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merit plan, whereby each worker for our government should stand on his merit, so that he could not be removed from his position without just cause. This merit system is in operation to-day and is a most excellent thing, only becoming dangerous when extended too far.

There were two other commissioners besides Mr. Roosevelt on the Commission, but all worked together in harmony, although in many moves taken Mr. Roosevelt was the leader. About this work he has written a notable essay called “Six Years of Civil Service Reform,” in which he reviews much of the work done. In this essay, among many other things, he says: —

“No republic can permanently endure when its politics are corrupt and base; and the spoils system,- the application in political life of the degrading doctrine that to the victor belong the spoils, — produces corruption and degradation. The man who is in politics for the offices might just as well be in politics for the money he can get for his vote, so far as the general good is concerned.” Certainly wise words and well worth remembering.

The work of the Commission was by no means easy, and the members were often accused of doing some things merely to benefit their own particular party or friends. Politicians of the old sort, who wanted everything they could lay hands on, fought civil service bitterly, and even those who might have been expected to help often held back, fearing they would lose their own popularity. Yet on the other hand, some members of Congress upheld the Commission nobly, and when President Garfield was assassinated by a half-crazy office-seeker many more came forward and clamored to put public offices on the merit system by all IIleanS.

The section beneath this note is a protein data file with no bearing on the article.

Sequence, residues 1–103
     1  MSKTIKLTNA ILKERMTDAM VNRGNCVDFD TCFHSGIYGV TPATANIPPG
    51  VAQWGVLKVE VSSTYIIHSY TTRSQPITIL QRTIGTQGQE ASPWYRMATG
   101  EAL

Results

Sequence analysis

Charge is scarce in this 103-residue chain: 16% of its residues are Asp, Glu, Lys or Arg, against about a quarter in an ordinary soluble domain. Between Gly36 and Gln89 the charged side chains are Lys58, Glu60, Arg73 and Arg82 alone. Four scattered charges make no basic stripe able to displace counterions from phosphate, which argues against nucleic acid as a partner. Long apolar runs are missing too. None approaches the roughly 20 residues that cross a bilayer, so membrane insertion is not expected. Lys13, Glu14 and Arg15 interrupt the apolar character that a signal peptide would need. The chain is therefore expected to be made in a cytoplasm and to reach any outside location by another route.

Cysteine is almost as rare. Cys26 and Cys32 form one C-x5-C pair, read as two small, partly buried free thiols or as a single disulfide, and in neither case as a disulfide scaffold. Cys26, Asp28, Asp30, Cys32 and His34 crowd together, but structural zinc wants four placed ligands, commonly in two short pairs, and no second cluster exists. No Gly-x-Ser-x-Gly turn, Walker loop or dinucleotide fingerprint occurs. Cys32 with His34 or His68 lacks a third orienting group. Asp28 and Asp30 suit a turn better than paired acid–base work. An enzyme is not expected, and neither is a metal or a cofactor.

Part of the work of the Commission was to prosecute the head of any bureau or department where an employee had been discharged or had suffered without just cause. Such cases came up in large numbers and were prosecuted with all the vigor of which the Commission were capable.

“We were not always successful in these trials,” says Mr. Roosevelt. “But we won out in the majority of cases, and we gave the wrong-doing such a wide publicity that those who were guilty hesitated to repeat their actions.” And he goes on to add that during his term of service not over one per cent. of those who worked for Uncle Sam were dismissed purely for political reasons. This was certainly an excellent record, and our government will do well to maintain such a high standard in the future. To give a further idea of the work required in the way of examinations for positions under our government, let me state that during the year from July 1, 1890, to July 1, 1891, 5251 applicants were examined for the departments service, 1579 for the customs service, 8538 for the postal service, 3706 for the railway mail service, making a total of nearly 20,000, of which about 13,000 passed and the balance failed. Since our war with Spain, the work of the government has been vastly increased, and the places to be filled every year run up into figures that are startling. One of the best and wisest acts of the Commission was to place the colored employees of the government on an equal footing with the white employees. In the past the colored employees had occupied their places merely through the whim or goodwill of those over them. Now this was changed, and any colored man who could pass the examination, and who was willing to attend strictly to his labor, was as safe in his situation as anybody.

CHAPTER IX

A TRIP TO THE SHOSHONE MOUNTAINS — CAUGHT IN A DRIVING SNow-storM – BACK To WoRK — RESIGNATION As CIVIL SERVICE COMMISSIONER

NoTWITHSTANDING the great amount of labor involved as a Civil Service Commissioner, Theodore Roosevelt did not forego the pleasures of the hunt, and in 1891 he made an extended trip to the Shoshone Mountains in Wyoming, going after elk and such other game as might present itself.

On this trip he was accompanied by his ranch partner, a skilled shot named Ferguson, and two old hunters named Woody and Hofer. There was also in the party a young fellow who looked after the packhorses, fourteen in number.

The start was made on a beautiful day in September, and the party journeyed along at a gait that pleased them, bringing down everything that came to hand and which could be used as meat. Two tents were

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